The building was supposed to be heated by a district heating system that the municipality was about to put in place. Therefore, beyond a small introduction tax the contract did not foresee costs for the construction of a heating system and heating equipment.

Subsequently, the municipality abandoned its plans, considering the district heating system not to be cost effective. The general contractor proposed another heating system to the employers (the future condominium owners) which was more expensive than the distant heating solution initially contemplated. The contractor rolled over the full costs of the new heating system minus the introduction tax. One of the employers did not accept the increase of the lump-sum price. The contractor took the view that all cost increases due to unforeseen events were recoverable pursuant to the above contract clause. The employer argued that a lump sum was by nature immutable. The parties submitted the dispute to an arbitrator which rejected both views. The arbitrator found that while the contractor could not reasonably expect to recover any and all costs due to unforeseen events short of force majeure, equally the employers could not consider the lump sum to be cast in stone. The arbitrator found that the change of heart of the municipality could not have been foreseen and therefore fell under Article 373(2) of the Code of Obligations, which provides that a tribunal can adjust a lump-sum price in the event of unforeseen or unforeseeable events. However, the arbitrator reduced the recoverable amount to approximately 60% of the actual cost.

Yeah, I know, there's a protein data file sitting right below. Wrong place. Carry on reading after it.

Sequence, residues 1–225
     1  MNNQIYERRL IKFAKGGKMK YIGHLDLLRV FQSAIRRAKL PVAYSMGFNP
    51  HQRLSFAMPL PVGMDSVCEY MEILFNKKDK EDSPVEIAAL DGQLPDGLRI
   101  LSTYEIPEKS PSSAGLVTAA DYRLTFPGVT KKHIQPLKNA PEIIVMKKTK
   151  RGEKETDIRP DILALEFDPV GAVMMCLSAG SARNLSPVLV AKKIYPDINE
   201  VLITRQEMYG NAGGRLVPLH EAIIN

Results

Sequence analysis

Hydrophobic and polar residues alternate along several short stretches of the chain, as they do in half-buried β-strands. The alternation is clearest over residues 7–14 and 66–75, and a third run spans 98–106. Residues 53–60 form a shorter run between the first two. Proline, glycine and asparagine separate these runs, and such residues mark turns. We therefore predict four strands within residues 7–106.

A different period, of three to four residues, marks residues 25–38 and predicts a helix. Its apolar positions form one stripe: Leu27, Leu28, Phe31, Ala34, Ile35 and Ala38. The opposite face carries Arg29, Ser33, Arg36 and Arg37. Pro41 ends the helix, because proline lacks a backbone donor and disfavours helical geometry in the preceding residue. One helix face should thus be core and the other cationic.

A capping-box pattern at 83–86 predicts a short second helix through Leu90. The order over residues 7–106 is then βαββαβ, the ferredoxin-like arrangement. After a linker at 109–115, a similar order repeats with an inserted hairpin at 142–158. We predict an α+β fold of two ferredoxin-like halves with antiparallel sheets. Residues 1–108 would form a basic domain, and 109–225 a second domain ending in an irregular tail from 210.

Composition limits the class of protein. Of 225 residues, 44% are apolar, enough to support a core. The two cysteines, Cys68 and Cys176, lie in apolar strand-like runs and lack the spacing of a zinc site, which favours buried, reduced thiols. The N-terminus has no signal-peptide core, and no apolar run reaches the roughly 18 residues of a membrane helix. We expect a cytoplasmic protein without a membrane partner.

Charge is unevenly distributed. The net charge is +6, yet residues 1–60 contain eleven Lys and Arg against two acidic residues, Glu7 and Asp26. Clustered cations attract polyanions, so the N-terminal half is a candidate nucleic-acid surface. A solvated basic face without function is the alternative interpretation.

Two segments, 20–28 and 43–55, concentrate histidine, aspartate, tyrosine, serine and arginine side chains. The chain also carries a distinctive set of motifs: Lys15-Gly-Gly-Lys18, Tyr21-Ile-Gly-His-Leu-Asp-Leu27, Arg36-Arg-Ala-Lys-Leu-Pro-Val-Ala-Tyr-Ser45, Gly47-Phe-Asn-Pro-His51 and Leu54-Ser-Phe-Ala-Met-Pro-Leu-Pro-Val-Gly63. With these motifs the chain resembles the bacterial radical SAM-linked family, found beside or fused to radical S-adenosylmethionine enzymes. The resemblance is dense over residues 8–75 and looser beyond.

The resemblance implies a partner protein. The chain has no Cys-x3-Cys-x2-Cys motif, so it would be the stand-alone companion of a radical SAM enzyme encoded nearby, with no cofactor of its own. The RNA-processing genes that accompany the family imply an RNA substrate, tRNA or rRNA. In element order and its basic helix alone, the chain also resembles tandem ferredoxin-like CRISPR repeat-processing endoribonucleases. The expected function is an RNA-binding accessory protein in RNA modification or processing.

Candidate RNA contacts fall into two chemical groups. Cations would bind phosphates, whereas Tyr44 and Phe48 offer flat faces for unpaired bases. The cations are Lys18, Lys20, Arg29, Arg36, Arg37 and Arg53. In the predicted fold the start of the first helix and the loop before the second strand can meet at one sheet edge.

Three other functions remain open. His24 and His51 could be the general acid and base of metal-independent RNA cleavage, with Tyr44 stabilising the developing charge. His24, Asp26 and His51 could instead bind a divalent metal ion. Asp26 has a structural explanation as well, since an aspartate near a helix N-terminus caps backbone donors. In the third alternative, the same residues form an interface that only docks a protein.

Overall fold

The contractor challenged the decision before the Federal Supreme Court. The court found that the arbitrator had not erred in considering that the clause did not allow the contractor to recoup any costs simply because they stemmed from events which were not attributable to the contractor. The fact that the employers were not construction industry professionals was relevant. The court did not take issue with the calculation of the additional costs, or the finding that they were not fully recoverable. Indeed, the value increase of the new heating system from the employer's perspective was not equivalent to the total construction costs of the contractor. The contractor had to account for the costs which would have arisen in any event, namely the installation of a provisional heating system pending the introduction of the planned district heating system (Decision 4A_112/2014, April 28 2014)